'The second chapter of the dissertation will examine novels that attempt to construct a representation of Aboriginality without reference to extinction. These texts subvert and ironise extinction discourse as a way of breaking the discursive continuities with colonialism and establishing a more nuanced view of Aboriginal identity in a post-colonial context. Novels analysed here include Drift by Brian Castro, Elysium by Robert Edric, and English Passengers by Matthew Kneale. However, in attempting to arrive at new understandings about Aboriginality, non-Aboriginal authors are hindered by the epistemological difficulties of knowing and representing the Other. In particular, they seem unable to extricate themselves from the binaries of colonialism.' (Trove)
Aborigines, Lost and Found Cliff Hanna , 1977 single work review
— Appears in: Southerly , March vol. 37 no. 1 1977; (p. 111-117)

— Review of The Glass Canoe David Ireland , 1976 single work novel ; The Savage Crows Robert Drewe , 1976 single work novel
[Review] Tales of Mystery and Romance [and] The Savage Crows D. Green , 1977 single work review
— Appears in: The National Times , 12-17 September 1977; (p. 19-20)

— Review of Tales of Mystery and Romance Frank Moorhouse , 1977 selected work short story ; The Savage Crows Robert Drewe , 1976 single work novel
[Review] The Savage Crows D. R. Burns , 1976 single work review
— Appears in: Nation Review , 19-15 November 1976; (p. 117)

— Review of The Savage Crows Robert Drewe , 1976 single work novel
A Journey of Discovery Manning Clark , 1976 single work review
— Appears in: The Bulletin , 16 October vol. 98 no. 5028 1976; (p. 58)

— Review of The Savage Crows Robert Drewe , 1976 single work novel
[Review] The Savage Crows R. Hall , 1976 single work review
— Appears in: The Australian Weekend Magazine , 23 October 1976; (p. 33)

— Review of The Savage Crows Robert Drewe , 1976 single work novel
Getting a Head : Dismembering and Remembering in Robert Drewe's The Savage Crows Susan K. Martin , 2003 single work criticism
— Appears in: Australian Literary Studies , May vol. 21 no. 1 2003; (p. 54-66)
The article examines the use of bodily metaphors of dismemberment and beheading in Drewe's novel about the fate of the Tasmanian Aboriginal people, The Savage Crows, in the light of the Western historic notion of the 'social body' and the body of the state. It concludes that 'In a critique of the ways in which contemporary Australian society rests on but denies the fragmentation and dismemberment of Aboriginal communities in the past, this novel dismembers and fragments a contemporary Aboriginal community, and in the process, repeats the theft of William Lanney's head for white purposes, in order to produce a coherent (white social) body ... at the close of the narrative' (65).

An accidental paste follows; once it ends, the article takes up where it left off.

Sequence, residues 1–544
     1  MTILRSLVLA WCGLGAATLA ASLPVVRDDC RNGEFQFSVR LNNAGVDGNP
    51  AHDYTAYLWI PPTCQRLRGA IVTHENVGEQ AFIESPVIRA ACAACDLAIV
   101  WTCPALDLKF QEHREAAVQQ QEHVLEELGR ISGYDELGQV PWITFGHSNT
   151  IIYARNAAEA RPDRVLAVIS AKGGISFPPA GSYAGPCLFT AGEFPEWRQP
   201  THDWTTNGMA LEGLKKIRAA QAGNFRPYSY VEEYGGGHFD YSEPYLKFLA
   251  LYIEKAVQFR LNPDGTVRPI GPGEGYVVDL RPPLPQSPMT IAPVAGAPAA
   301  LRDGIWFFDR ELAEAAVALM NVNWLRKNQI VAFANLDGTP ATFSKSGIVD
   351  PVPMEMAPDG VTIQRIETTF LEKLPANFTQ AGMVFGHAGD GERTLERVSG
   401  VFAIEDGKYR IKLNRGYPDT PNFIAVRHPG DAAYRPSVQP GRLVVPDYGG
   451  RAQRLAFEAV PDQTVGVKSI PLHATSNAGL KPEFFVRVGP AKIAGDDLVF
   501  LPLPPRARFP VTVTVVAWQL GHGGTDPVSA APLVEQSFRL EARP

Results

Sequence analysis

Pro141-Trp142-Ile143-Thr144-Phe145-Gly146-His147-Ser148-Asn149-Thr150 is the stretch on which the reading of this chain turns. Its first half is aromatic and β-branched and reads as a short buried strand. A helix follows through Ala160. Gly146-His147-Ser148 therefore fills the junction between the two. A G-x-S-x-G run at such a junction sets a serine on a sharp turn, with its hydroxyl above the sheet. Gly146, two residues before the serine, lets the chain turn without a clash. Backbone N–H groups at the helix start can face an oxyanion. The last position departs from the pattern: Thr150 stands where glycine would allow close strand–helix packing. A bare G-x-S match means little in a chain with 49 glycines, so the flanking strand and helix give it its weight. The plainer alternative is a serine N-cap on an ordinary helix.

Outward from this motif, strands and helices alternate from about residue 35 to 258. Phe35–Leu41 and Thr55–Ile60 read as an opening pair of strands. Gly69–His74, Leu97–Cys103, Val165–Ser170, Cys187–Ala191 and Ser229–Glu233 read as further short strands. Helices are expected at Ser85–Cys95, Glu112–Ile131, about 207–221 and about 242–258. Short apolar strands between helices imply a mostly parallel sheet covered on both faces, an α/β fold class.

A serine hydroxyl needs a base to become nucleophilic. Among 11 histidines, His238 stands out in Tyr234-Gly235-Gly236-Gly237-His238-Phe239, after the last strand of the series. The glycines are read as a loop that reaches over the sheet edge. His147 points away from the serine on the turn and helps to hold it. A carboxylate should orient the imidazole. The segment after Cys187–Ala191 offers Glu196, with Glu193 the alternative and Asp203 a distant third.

The Savage Crows: A Personal Chronology Robert Drewe , 1983 single work autobiography
— Appears in: Kunapipi , vol. 5 no. 1 1983; (p. 65-72)
Moments of Encounter in Mudrooroo's Wooreddy Maria Srinivasan , 2003 single work criticism
— Appears in: Austral-Asian Encounters : From Literature and Women's Studies to Politics and Tourism 2003; (p. 204-216)
In the Service of Complex Truths : The Aims and Art of Robert Drewe's Fiction Michael Ackland , 2005 single work criticism
— Appears in: Westerly , November vol. 50 no. 2005; (p. 26-41)
A discussion of Robert Drewe's repeated questioning in his writings of notions of 'truth'.
First Voice : Robert Drewe Looks Back on the Writing of His First Novel Robert Drewe , 2006 single work column
— Appears in: The Age , 11 March 2006; (p. 29)
Last amended 4 Dec 2019 14:54:42
Subjects:
  • Tasmania,
  • Sydney, New South Wales,
  • Perth, Western Australia,
  • Flinders Island, Bass Strait Islands, Tasmania,